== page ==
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“Are We Blind? Do We Not See?”

Rev. Katherine Todd
John 9:1-41

As he walked along, he saw a man blind from birth. His disciples asked him, “Rabbi, who sinned, this man or his parents, that he was born blind?” Jesus answered, “Neither this man nor his parents sinned; he was born blind so that God’s works might be revealed in him. We must work the works of him who sent me while it is day; night is coming when no one can work. As long as I am in the world, I am the light of the world.” When he had said this, he spat on the ground and made mud with the saliva and spread the mud on the man’s eyes, saying to him, “Go, wash in the pool of Siloam” (which means Sent). Then he went and washed and came back able to see. The neighbors and those who had seen him before as a beggar began to ask, “Is this not the man who used to sit and beg?” Some were saying, “It is he.” Others were saying, “No, but it is someone like him.” He kept saying, “I am the man.” But they kept asking him, “Then how were your eyes opened?” He answered, “The man called Jesus made mud, spread it on my eyes, and said to me, ‘Go to Siloam and wash.’ Then I went and washed and received my sight.” They said to him, “Where is he?” He said, “I do not know.”

They brought to the Pharisees the man who had formerly been blind. Now it was a sabbath day when Jesus made the mud and opened his eyes. Then the Pharisees also began to ask him how he had received his sight. He said to them, “He put mud on my eyes. Then I washed, and now I see.” Some of the Pharisees said, “This man is not from God, for he does not observe the sabbath.” But others said, “How can a man who is a sinner perform such signs?” And they were divided. So they said again to the blind man, “What do you say about him? It was your eyes he opened.” He said, “He is a prophet.”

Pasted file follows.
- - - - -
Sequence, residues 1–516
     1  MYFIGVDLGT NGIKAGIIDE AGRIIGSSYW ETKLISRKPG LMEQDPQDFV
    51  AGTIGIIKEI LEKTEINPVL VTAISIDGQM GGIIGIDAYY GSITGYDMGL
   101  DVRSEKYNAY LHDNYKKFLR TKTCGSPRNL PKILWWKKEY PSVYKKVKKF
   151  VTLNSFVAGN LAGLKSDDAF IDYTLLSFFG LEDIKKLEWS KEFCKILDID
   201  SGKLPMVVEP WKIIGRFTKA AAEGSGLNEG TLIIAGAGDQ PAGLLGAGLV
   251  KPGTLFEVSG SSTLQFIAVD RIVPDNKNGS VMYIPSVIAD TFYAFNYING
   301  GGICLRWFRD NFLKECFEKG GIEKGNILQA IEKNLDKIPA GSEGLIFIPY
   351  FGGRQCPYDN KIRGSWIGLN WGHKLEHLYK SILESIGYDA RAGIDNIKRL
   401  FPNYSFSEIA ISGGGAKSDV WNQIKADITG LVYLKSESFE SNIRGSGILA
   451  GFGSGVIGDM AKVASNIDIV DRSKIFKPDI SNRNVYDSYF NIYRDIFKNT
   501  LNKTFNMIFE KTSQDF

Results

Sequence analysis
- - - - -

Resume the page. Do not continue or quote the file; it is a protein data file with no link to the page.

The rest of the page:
The Jews did not believe that he had been blind and had received his sight until they called the parents of the man who had received his sight and asked them, “Is this your son, who you say was born blind? How then does he now see?” His parents answered, “We know that this is our son, and that he was born blind; but we do not know how it is that now he sees, nor do we know who opened his eyes. Ask him; he is of age. He will speak for himself.” His parents said this because they were afraid of the Jews; for the Jews had already agreed that anyone who confessed Jesus to be the Messiah would be put out of the synagogue. Therefore his parents said, “He is of age; ask him.”